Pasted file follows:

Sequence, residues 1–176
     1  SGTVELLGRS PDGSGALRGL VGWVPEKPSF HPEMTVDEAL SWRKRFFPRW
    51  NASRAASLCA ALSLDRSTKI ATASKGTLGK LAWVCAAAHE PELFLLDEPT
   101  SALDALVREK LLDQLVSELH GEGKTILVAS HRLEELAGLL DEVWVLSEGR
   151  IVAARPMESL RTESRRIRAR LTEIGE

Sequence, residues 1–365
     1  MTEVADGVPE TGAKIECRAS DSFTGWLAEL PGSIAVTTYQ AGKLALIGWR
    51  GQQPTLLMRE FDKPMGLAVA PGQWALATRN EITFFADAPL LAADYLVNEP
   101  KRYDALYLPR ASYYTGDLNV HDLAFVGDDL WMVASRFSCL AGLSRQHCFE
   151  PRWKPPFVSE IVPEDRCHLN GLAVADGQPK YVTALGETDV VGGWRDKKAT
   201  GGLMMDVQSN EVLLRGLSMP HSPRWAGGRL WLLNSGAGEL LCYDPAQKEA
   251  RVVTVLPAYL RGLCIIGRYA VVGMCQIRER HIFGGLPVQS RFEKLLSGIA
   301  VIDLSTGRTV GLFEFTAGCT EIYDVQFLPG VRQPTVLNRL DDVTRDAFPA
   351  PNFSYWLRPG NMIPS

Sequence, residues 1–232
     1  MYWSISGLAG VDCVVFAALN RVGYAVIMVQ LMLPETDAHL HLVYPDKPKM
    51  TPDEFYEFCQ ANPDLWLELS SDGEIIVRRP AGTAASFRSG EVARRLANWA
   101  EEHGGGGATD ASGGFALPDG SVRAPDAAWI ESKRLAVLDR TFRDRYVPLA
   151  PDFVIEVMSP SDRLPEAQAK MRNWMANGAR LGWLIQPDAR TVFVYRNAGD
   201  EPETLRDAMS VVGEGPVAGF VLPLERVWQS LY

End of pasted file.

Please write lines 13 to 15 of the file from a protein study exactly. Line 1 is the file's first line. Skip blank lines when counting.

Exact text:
   301  VIDLSTGRTV GLFEFTAGCT EIYDVQFLPG VRQPTVLNRL DDVTRDAFPA
   351  PNFSYWLRPG NMIPS

Sequence, residues 1–232